In this edition of “Explained by KHN” Emmarie Huetteman covers how the $1.9 trillion covid relief law will make health insurance coverage significantly more affordable for millions of people.
A nationwide poll released by KFF also revealed which arguments are most compelling to persuade people to get a shot — and which ones are unlikely to work.
Progressive and conservative Democratic lawmakers, as well as President Joe Biden, are in favor of authorizing federal officials to negotiate with drugmakers over what Medicare pays for at least some of the most expensive brand-name drugs and to base those prices on the drugs’ clinical benefits. Such a measure could put Republicans in the uncomfortable position of opposing an idea that most voters from both parties generally support.
Experts say the two-year expansion of subsidies for most people who buy insurance through the government exchanges would be among the most significant changes to the affordability of private insurance since the passage of the Affordable Care Act.
Agreement between the president and Republican senators on funding for basic public health matters such as vaccine distribution and covid testing was an easy target. That money can’t move out, though, until accord is reached on some of the president’s big-ticket economic plans.
Lawmakers answered pleas from strained health facilities in rural areas, agreed to cover the cost of training more new doctors, sought to strengthen efforts to equalize mental health coverage with that of physical medicine and instructed the federal government to collect data that could be used to rein in high medical bills.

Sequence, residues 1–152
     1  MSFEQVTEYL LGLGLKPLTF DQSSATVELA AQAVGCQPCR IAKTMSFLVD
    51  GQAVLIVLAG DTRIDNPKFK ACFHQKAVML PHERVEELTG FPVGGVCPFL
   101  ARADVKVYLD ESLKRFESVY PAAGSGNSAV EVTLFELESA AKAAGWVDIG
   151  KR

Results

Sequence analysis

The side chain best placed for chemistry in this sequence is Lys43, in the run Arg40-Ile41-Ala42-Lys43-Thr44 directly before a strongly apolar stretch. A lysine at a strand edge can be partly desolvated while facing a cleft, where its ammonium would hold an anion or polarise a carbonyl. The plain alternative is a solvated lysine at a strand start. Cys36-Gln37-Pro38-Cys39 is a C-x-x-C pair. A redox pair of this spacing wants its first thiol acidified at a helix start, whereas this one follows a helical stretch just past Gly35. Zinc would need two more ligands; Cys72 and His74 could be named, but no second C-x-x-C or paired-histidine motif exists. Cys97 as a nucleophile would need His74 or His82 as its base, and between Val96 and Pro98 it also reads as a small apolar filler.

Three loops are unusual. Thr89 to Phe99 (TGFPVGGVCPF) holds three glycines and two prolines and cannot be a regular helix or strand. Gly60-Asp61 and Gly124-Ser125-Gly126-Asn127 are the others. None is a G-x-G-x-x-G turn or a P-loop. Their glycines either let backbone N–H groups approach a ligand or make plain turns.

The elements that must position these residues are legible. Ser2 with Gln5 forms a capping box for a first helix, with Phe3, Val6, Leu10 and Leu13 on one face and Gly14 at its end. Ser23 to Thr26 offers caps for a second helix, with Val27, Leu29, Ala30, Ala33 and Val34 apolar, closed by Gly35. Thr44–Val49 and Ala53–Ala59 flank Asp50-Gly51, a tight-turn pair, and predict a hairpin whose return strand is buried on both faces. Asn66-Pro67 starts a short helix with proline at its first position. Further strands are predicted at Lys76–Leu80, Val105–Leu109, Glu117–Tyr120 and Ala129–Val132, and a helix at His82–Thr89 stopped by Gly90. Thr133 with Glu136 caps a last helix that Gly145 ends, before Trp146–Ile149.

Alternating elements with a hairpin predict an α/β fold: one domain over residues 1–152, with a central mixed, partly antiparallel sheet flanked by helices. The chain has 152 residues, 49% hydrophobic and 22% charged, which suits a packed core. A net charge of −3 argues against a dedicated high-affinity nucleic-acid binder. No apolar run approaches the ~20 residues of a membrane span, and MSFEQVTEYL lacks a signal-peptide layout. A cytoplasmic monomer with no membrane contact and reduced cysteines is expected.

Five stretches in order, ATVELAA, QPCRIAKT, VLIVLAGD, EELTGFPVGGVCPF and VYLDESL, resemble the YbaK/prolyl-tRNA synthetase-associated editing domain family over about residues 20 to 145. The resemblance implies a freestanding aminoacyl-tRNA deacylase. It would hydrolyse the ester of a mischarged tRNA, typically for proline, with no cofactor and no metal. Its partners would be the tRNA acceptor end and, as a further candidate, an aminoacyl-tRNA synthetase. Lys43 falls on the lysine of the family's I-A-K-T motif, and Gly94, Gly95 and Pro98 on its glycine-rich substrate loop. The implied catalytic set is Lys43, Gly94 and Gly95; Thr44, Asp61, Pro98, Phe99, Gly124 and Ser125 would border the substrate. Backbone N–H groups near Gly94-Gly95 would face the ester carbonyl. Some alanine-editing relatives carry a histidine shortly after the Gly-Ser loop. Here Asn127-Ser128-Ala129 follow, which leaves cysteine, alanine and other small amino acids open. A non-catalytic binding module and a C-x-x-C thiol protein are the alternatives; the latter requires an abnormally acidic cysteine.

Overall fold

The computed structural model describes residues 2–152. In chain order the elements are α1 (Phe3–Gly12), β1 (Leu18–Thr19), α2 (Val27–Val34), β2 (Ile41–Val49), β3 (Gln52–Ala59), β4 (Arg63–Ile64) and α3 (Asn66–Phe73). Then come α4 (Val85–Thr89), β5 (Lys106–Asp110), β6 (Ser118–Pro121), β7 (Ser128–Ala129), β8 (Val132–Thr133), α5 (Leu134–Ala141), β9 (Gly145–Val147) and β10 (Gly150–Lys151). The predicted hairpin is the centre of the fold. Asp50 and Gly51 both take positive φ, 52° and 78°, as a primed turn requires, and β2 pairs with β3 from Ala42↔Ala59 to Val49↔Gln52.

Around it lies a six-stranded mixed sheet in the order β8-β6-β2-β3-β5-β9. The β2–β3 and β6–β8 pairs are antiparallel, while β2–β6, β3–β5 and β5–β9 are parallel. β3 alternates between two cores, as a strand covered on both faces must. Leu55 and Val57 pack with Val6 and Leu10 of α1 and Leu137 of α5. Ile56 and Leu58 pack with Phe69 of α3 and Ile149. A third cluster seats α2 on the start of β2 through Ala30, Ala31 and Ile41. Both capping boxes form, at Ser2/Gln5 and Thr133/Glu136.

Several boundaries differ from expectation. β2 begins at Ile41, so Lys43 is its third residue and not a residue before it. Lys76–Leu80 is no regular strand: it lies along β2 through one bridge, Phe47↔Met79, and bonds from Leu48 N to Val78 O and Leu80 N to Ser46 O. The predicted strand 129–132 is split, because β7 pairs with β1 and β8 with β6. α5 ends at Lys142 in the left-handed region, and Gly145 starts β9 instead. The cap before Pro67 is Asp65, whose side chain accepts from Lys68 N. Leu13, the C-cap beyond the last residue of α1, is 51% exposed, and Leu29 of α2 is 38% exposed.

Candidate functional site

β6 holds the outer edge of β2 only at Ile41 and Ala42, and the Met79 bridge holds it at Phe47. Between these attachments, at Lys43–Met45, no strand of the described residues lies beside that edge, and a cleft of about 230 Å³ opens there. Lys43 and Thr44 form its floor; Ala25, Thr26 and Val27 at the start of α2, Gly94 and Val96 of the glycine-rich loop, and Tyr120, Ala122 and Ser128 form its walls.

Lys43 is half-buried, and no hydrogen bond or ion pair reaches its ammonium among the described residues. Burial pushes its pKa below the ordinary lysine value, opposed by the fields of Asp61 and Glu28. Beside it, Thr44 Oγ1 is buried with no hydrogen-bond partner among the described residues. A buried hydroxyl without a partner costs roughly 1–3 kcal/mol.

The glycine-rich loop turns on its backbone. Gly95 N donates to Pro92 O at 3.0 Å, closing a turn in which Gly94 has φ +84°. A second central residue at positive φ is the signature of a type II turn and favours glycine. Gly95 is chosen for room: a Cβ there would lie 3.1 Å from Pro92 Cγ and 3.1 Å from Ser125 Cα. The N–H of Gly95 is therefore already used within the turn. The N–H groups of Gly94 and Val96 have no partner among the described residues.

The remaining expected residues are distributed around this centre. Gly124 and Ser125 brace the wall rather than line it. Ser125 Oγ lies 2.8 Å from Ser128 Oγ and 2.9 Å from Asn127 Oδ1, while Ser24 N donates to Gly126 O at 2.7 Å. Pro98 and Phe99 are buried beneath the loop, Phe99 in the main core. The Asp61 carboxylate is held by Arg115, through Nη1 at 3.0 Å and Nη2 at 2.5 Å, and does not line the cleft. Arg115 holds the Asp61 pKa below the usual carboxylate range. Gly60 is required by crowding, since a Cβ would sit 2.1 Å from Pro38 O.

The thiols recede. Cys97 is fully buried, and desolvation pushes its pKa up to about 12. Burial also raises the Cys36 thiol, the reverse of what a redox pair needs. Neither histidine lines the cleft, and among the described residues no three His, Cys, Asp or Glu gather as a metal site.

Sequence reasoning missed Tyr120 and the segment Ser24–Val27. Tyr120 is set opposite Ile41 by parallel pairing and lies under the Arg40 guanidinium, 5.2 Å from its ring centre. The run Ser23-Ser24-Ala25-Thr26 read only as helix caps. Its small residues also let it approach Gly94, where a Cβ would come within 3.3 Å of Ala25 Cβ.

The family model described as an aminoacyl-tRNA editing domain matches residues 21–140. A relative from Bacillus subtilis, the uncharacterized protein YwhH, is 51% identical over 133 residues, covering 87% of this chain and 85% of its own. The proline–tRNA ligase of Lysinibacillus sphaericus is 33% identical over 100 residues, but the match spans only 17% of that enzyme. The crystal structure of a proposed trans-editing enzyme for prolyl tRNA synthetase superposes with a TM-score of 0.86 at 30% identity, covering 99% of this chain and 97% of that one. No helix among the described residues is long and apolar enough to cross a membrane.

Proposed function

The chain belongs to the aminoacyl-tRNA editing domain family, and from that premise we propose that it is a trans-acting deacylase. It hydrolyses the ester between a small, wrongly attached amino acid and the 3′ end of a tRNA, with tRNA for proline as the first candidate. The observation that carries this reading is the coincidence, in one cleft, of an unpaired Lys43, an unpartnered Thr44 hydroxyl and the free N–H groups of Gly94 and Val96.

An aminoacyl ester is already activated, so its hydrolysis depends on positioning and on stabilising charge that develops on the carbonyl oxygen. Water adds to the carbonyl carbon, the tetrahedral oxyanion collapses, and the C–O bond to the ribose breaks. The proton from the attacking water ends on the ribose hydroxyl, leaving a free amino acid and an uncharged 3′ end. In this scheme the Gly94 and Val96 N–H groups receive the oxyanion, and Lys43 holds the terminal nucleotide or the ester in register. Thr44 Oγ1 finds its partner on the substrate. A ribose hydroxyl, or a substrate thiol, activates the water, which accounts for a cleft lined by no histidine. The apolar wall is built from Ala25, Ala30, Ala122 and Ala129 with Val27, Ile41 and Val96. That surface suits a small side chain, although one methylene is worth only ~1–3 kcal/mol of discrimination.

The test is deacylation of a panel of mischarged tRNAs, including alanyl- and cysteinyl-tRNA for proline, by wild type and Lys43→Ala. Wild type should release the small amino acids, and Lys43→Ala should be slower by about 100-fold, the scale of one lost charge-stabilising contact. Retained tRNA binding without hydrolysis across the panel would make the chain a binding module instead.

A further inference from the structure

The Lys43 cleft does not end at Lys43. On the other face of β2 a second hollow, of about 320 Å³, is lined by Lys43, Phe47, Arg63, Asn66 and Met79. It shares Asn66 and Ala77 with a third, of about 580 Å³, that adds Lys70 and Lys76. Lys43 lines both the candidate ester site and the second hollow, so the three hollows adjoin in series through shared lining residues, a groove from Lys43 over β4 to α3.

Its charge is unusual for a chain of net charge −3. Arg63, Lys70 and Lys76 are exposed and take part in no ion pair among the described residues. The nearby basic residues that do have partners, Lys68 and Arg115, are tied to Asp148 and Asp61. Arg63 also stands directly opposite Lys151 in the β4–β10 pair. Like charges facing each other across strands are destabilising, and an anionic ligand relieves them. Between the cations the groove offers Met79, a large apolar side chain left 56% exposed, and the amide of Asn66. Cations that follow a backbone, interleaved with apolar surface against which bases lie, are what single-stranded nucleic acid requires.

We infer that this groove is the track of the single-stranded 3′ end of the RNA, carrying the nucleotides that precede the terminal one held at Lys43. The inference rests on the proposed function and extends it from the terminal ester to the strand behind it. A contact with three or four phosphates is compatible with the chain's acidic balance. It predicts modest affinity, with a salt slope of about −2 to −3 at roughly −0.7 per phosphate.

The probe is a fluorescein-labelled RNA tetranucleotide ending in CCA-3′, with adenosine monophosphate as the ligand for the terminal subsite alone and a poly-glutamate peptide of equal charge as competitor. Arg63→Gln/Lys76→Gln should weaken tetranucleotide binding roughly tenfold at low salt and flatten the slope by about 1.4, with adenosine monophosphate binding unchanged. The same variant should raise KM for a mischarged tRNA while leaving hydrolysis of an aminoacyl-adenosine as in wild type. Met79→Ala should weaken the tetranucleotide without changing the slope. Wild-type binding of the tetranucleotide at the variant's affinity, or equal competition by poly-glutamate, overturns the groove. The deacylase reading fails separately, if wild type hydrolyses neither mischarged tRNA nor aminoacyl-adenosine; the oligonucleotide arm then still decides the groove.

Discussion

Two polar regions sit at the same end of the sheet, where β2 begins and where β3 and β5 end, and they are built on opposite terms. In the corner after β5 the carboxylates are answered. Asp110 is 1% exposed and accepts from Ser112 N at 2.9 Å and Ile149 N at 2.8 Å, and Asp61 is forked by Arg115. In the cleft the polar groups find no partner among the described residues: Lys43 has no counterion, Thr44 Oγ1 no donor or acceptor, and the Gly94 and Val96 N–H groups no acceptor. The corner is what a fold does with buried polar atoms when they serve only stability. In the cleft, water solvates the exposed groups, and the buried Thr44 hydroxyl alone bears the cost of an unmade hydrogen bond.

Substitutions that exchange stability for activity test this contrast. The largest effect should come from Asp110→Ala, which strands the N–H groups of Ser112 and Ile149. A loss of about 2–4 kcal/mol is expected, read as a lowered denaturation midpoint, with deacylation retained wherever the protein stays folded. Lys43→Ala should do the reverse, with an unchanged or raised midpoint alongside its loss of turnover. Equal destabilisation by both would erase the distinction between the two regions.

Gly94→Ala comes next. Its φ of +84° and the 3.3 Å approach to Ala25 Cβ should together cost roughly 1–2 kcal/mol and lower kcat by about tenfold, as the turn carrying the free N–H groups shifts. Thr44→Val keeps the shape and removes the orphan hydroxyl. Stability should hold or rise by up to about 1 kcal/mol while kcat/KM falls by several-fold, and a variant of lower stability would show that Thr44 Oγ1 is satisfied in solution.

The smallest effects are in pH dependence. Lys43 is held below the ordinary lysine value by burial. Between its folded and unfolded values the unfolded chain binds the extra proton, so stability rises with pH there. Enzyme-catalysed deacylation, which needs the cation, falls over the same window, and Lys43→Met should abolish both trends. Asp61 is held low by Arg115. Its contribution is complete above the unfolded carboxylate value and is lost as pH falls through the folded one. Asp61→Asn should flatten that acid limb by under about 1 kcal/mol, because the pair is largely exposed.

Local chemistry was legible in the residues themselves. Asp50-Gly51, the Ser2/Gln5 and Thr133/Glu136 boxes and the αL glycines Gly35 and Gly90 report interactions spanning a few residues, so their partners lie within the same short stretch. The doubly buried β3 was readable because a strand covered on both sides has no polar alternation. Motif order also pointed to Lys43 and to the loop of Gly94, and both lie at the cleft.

With a majority too small to eliminate the filibuster, Democrats will not have enough votes in the Senate to pass many of their plans without Republicans and will also have only a razor-thin majority in the House. This combination could doom many Democratic health care proposals, like offering Americans a government-sponsored public insurance option, and complicate efforts to pass further pandemic relief.
Con el control del Senado y la Cámara de Representantes, tendrán el poder de elegir qué propuestas de salud se votarán en el Congreso. Pero no será tan fácil.
The coronavirus pandemic has hit hard for Troy Muenzer of Chicago. He had a “suspected case” of COVID in the spring, was billed nearly $1,000 after he unsuccessfully sought to get tested for COVID-19 and has been furloughed after the airline he worked for saw a major decline in passengers.
Republican spokespeople for the committees responsible for vetting Health and Human Services nominations said the Senate may not hold hearings on California Attorney General Xavier Becerra, President-elect Joe Biden’s pick to lead the department, until the Senate approves committee assignments for the new Congress. That could delay the start of the process.